COMMENTARY | The best trade chip the Cincinnati Reds have at their disposal is speedster Billy Hamilton. No one in the history of professional baseball has demonstrated the ability to steal bases like Hamilton (a record 155 swipes in the minor leagues in 2012).
Even if Hamilton doesn't reach a .400 on-base percentage in any of his future major league seasons, he's virtually a lock to score at least 100 runs each year as a leadoff hitter who can steal at will. Teams would undoubtedly covet Hamilton, and the Reds could use the kind of offensive help Alex Rios of the Chicago White Sox could provide right now if both teams can reach a deal. Of course, the Reds would have to get more than just Rios in return, like a couple of prized prospects not so major league ready and several millions of dollars to cover the rest of Rios' 2013 $12.5 million salary.
Questions About Hamilton
Hamilton may be the Reds' top prospect, but there are question marks about him both offensively and defensively. Hamilton has shown he can hit well enough at each of his stops in the minors until this year (.243 in 69 games with Triple-A Louisville). He also began a conversion from middle infielder to center fielder this year. Allowing Hamilton to gain more experience at the plate and at his new position in Triple-A helps explain the Reds' reluctance to call him up, even though injuries to outfielders Ryan Ludwick and Chris Heisey should've opened the door for Hamilton to at least get a cup of coffee by now.
Instead of Hamilton, corner outfielder Donald Lutz has spent the past two months with the Reds. Lutz looks like he will be the team's future left fielder, but in bench duty for 31 games since his call up straight from Double-A, Lutz has knocked in just eight runs and scored only five times. Hamilton would not have replaced current Reds' center fielder Shin-Soo Choo, but he could have stolen 20 bases and at least tripled the number of runs Lutz scored during the same time frame as a bench player.
For a team that is near the bottom of the majors in stolen bases and often run-challenged (just 25 runs scored in the last nine games from June 12-20), having a real base-stealing threat like Hamilton available off the bench could've made a much more tangible difference for the Reds than Lutz has made.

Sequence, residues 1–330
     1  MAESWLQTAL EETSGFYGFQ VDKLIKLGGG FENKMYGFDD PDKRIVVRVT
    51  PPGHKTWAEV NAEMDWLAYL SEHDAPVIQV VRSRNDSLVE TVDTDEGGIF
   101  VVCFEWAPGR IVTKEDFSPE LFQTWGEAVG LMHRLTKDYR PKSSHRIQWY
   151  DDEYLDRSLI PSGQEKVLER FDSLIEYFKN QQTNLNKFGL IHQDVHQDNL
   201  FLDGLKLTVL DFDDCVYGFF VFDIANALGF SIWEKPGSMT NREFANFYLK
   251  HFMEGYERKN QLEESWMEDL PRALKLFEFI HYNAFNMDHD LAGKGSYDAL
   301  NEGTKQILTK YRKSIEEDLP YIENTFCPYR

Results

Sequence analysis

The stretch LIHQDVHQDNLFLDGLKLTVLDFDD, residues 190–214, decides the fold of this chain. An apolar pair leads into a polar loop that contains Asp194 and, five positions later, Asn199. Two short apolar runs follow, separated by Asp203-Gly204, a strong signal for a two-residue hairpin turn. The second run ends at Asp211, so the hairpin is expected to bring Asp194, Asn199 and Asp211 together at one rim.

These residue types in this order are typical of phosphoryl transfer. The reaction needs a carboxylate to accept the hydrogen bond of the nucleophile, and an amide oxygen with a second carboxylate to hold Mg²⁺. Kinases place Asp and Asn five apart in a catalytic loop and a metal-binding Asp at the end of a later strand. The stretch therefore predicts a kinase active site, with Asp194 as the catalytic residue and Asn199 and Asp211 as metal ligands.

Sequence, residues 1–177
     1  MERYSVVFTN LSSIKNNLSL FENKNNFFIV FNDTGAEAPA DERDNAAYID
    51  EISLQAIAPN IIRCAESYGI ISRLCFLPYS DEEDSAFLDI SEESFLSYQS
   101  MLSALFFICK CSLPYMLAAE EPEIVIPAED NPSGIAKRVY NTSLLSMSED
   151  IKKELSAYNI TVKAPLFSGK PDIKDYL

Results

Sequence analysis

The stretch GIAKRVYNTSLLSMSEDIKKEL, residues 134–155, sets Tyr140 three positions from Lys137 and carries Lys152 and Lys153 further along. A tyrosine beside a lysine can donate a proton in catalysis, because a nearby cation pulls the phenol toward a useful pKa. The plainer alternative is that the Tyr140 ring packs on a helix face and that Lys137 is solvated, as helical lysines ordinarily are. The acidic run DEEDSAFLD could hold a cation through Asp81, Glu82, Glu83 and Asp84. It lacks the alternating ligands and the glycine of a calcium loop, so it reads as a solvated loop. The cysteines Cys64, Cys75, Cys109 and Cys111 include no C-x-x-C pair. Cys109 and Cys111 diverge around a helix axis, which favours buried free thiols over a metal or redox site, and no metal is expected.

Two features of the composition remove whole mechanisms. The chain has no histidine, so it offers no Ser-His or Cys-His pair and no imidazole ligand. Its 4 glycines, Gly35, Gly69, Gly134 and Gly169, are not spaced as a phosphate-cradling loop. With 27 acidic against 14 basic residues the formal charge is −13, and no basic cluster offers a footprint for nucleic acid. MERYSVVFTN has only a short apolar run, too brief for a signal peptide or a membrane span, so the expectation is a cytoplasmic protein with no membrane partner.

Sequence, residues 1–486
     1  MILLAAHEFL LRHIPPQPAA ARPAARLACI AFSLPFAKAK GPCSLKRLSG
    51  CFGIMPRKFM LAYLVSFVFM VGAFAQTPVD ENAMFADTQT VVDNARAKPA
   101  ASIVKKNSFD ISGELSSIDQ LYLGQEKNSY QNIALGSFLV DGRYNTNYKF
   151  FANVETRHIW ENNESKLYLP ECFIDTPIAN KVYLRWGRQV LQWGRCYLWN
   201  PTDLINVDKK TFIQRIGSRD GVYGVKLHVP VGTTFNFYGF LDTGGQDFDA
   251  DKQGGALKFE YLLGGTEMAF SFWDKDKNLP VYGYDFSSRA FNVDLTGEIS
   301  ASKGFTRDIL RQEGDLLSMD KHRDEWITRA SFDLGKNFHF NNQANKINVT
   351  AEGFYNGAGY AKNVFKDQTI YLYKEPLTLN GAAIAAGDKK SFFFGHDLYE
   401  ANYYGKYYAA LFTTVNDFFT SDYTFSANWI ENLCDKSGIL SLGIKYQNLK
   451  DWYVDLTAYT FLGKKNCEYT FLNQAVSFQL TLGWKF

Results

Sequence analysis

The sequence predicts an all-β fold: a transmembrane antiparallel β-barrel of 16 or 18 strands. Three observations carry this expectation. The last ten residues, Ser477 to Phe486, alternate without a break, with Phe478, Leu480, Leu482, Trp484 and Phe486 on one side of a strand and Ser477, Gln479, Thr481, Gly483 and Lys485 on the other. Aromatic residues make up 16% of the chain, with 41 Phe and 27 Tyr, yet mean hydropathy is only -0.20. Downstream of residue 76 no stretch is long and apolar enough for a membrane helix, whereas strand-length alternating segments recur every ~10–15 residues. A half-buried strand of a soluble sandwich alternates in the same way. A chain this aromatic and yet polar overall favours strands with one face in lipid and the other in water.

The Reds are most likely just slowly grooming Hamilton as their center fielder for the future, but there may be enough questions about his future with the Reds that other options may be under consideration by the team's front office.
The faster the season unravels for the White Sox, the more likely it is that they move outfielder Rios this year. The Reds have been mentioned as one of the teams that could have interest in Rios, who is under contract for $12.5 million in 2014 with a $13.5 million team option for 2015. Rios would be an ideal fit for either the two-hole or the cleanup spot currently held by Brandon Phillips. Adding Rios to the Reds lineup now would provide a potent order with left- and right-handed hitters alternating from leadoff through the sixth spot (Choo, Rios, Joey Votto, Phillips, Jay Bruce and Todd Frazier).
The addition of Rios would also solve any issues the Reds might have with Hamilton as their future center fielder, as well as enable them to skip the free agent sweepstakes that will be held for Choo at the end of the season. Should Rios join the Reds, he would be the most likely center fielder and leadoff hitter for the next two seasons. The question the Reds have to ask themselves is not so much whether the dollar cost would be worth such a trade, but, rather, would the trading of a potential game-changer like Hamilton be worth the loss.
Robb Hoff has worked as a freelance researcher for ESPN's production and news departments for the past five years. You can read his articles about the 2012 Reds season here.
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